Monday, July 28, 2008

I'll Link-Twitter-Book-Face-Ster You Later

OK, so I'm here in Amsterdam with journalism heavy weights Joel Dryfuss, Amy Wohl and Dan Tynan - and we got to talking about Social Media over dinner last night at cool eatery called "Envy".

Between bites of "frog butts" and a cucumber gazpacho - and I asked them their opinion on social networking - and I expected that their much more informed, much more well educated, much more in-the-know experience would produce a lively conversation.

Well... it did.

Now I've said here that the whole social media thing really is hard for me to keep up with - as I have a "real" day job. I can barely keep up with all the email, snail mail, IM, SMS, and voicemail stuff - and now I'm having to check my Twitter, Facebook, and LinkedIn account to update them, check for other missed messages, etc.

What was very interesting - is that everyone agreed on this point.


Wow! I mean these are professional journalists that pump out a huge amount of content for some of the best-known publications in the world (not to mention the SaaS book that Amy is writing, the child rearing articles that Dan writes and the "multiple book projects" that Joel is working on) - and they (we) all have the same problem: social media is tough to find the time to deal with.

The problem lies in the fact that there is no "one" outlet for people to be "social" on. In the beginning, there was MySpace, and tweens found it to be a place where they could "hang out" and be themselves.

Then came Facebook. Then came Plaxo, Twitter, LinkedIn, and about 200 other possible places for you to post the most intimate details of your life for all the world to see. That's fine.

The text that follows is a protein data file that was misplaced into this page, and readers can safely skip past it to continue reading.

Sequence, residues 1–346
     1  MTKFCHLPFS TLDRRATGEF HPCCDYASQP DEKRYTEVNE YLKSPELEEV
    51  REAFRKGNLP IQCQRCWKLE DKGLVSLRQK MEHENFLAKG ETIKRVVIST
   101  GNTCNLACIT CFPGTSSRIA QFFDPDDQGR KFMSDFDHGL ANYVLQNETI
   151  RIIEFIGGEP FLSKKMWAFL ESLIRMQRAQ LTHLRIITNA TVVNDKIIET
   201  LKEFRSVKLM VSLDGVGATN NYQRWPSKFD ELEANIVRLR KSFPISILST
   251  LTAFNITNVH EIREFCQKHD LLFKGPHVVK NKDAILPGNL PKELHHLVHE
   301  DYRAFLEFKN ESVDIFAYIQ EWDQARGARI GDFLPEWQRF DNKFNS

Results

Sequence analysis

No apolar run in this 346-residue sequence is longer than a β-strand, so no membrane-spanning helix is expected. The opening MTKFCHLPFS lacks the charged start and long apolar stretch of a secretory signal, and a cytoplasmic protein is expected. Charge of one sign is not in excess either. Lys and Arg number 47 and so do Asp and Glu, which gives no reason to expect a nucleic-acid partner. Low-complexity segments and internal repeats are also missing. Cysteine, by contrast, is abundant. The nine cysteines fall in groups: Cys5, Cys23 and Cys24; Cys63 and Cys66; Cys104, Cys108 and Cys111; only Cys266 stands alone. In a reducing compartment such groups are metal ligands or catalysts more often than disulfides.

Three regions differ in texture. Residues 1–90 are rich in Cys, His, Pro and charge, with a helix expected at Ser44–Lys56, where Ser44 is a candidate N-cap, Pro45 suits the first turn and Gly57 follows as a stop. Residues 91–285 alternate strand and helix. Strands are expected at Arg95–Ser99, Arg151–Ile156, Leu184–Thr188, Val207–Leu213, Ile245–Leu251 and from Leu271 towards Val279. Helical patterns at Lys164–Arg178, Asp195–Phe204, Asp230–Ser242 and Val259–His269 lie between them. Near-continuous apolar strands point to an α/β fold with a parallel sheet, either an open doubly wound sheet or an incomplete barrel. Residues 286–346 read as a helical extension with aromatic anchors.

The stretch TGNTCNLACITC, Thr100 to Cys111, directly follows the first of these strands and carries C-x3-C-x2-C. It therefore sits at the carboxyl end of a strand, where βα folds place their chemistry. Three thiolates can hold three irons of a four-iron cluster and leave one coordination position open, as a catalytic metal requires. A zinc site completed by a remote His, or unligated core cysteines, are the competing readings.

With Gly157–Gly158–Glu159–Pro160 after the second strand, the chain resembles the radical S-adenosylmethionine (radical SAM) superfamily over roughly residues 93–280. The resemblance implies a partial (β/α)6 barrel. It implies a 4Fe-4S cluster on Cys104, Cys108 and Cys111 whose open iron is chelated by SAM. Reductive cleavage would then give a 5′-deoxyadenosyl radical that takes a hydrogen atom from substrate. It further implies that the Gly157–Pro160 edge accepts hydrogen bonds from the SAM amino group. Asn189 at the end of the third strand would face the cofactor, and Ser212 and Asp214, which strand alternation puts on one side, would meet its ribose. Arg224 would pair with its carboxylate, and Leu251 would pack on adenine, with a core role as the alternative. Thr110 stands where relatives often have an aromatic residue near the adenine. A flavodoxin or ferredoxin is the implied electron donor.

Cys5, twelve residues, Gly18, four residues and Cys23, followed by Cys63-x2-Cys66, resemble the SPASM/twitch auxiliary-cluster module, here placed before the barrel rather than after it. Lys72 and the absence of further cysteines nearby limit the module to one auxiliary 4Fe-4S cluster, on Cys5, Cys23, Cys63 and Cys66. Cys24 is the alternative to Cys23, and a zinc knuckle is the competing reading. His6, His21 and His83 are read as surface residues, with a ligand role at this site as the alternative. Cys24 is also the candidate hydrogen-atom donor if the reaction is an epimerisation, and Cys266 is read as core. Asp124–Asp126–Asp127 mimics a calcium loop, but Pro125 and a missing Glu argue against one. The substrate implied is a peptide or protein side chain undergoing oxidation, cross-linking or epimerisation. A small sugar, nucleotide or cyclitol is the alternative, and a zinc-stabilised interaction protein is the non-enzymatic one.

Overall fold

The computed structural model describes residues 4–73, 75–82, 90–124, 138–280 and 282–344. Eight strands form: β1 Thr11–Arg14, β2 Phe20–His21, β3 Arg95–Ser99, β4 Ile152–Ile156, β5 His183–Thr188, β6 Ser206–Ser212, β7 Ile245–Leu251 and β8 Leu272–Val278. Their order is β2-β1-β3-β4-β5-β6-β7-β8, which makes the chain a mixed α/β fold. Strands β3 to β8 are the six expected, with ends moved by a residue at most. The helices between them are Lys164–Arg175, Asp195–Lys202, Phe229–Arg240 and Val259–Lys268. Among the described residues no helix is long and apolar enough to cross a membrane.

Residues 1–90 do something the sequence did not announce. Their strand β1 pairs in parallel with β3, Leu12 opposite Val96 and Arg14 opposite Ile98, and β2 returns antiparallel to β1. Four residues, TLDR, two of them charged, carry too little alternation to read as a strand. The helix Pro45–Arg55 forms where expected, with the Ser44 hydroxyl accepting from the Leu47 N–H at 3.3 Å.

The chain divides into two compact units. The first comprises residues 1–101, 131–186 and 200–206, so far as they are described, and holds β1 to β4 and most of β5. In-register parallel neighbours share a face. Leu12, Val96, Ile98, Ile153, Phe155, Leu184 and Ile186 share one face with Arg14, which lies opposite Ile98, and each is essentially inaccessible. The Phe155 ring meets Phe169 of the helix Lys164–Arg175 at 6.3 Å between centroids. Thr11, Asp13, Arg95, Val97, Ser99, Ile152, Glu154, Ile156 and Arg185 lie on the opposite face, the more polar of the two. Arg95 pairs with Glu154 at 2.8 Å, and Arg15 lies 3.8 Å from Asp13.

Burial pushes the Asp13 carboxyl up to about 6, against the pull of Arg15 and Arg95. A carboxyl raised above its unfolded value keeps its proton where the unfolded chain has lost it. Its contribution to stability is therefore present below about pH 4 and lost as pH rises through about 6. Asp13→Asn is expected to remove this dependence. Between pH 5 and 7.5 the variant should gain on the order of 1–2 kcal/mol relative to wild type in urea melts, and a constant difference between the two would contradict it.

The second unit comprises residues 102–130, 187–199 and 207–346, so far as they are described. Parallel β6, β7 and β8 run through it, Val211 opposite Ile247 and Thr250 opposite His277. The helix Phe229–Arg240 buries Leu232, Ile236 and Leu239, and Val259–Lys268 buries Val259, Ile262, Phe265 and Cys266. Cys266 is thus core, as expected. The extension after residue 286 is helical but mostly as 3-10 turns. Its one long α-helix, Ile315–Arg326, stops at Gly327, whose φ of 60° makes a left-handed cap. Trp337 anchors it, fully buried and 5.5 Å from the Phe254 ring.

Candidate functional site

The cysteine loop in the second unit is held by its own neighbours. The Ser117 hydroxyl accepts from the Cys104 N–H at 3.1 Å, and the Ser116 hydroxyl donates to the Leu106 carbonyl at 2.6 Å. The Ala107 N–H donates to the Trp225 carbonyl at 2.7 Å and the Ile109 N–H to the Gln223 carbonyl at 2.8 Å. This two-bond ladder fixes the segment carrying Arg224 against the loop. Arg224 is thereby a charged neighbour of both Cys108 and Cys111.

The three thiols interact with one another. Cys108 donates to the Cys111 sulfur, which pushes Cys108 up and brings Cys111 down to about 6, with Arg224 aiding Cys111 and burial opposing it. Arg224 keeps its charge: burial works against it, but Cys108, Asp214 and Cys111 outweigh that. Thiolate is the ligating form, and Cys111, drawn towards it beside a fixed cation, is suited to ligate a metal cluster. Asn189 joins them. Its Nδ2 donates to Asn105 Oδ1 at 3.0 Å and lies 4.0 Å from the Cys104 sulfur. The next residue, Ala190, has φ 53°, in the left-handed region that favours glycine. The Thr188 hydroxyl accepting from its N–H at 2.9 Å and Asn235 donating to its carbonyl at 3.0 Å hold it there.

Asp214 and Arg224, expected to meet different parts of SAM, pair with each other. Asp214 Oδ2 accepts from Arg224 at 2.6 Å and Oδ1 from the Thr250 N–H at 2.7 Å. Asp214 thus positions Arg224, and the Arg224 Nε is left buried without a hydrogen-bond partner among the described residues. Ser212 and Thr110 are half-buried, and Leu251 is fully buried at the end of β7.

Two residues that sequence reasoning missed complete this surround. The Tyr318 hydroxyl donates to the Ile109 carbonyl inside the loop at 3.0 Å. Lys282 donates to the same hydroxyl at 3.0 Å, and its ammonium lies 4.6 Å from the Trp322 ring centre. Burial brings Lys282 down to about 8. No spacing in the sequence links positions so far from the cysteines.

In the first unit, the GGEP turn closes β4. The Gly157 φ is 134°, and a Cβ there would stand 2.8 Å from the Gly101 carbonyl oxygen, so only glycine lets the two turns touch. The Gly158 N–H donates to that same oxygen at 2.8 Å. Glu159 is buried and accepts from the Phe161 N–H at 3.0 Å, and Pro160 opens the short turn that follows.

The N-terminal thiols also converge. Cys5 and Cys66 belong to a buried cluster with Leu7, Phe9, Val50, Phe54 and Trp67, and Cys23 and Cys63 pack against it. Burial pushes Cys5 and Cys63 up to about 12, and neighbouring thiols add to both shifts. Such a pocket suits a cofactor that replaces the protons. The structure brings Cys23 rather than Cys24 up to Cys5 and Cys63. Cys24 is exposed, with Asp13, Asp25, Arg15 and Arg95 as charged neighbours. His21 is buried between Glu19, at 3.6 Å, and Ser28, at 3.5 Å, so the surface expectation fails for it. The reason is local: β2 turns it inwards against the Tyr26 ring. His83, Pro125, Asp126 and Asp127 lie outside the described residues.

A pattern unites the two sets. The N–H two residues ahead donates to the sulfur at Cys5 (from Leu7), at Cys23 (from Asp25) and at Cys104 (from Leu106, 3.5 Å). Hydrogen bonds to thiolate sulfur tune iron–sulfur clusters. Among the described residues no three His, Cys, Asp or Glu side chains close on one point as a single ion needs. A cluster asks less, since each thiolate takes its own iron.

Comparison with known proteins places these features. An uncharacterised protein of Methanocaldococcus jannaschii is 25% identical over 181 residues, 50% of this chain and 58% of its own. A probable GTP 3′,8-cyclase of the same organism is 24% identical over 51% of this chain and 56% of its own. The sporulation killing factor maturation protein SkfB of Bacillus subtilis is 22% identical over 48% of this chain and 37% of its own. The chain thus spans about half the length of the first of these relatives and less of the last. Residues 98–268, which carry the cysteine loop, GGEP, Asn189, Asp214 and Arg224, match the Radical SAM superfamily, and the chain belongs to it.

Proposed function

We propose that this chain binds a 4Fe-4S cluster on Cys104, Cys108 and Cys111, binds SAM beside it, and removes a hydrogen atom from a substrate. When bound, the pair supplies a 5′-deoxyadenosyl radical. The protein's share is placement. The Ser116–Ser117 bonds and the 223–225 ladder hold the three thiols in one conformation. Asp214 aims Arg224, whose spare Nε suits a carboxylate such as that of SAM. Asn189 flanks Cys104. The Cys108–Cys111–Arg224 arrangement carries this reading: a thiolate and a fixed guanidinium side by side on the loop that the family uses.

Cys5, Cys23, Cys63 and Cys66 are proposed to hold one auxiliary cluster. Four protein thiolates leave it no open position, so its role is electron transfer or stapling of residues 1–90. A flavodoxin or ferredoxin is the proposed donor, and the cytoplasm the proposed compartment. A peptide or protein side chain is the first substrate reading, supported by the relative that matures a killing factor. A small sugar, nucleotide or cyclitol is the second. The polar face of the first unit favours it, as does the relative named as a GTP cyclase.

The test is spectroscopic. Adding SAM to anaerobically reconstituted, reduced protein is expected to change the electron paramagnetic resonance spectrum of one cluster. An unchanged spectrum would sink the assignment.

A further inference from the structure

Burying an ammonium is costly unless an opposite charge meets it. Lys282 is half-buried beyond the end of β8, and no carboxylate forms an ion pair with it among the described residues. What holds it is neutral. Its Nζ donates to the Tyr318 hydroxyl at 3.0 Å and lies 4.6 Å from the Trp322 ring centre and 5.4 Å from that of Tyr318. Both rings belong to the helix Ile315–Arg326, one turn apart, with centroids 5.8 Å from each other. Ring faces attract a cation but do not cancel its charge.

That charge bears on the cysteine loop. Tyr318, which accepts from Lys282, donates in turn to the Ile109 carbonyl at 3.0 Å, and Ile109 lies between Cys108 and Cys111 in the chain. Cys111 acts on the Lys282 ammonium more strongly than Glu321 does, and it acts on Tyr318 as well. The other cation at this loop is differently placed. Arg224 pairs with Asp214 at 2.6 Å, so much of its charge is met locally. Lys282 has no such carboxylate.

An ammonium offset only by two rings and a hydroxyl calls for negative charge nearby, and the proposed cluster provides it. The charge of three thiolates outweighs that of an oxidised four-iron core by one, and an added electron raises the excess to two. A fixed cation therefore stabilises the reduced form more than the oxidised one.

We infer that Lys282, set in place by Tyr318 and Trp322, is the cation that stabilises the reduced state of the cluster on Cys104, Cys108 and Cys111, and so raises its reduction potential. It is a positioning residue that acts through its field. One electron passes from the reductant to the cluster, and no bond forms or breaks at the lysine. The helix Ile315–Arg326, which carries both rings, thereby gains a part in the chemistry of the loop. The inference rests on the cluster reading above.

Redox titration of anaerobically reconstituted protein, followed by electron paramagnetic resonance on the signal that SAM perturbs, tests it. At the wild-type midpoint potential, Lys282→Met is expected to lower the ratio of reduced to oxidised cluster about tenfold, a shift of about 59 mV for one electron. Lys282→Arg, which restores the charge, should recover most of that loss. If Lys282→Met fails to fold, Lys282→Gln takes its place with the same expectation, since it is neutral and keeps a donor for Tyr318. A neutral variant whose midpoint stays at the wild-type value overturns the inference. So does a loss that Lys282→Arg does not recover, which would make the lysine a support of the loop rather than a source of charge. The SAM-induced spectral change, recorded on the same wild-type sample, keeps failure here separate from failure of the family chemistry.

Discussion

The crux of the problem lies with friends. The more you invite and add - the more invitations you get. It's a never-ending cycle of adding (or denying) people with at least 6 degrees of separation between you and a "real" friend. It's like going to a family reunion and meeting 200 total strangers who are related to you (somehow).

To make matters worse - all these "friends" now leave you messages. And Twits. And write on your "wall." And send you virtual crap (drinks, animals, etc).

The answer? Just say no. Unplug. Hug your kid. Make love not war.

There's no way (unless you're extremely motivated and have loads of time) that a popular or busy person (with a life and a job) can go through all the possible places in the world that people can get in contact with you. Dan Tynan turned me on to FriendFeed (I'm sure there are 10,000 more just like it) as a way to manage the deluge... but you still have to plough through all the entries, etc.

I remember the days when you had one email address, one home phone, and one business phone. The end. I never missed a call, people would write "letters" or they would make arrangements to come over to the house and have a BBQ to catch up.

Now they just nudge-twit-wink.

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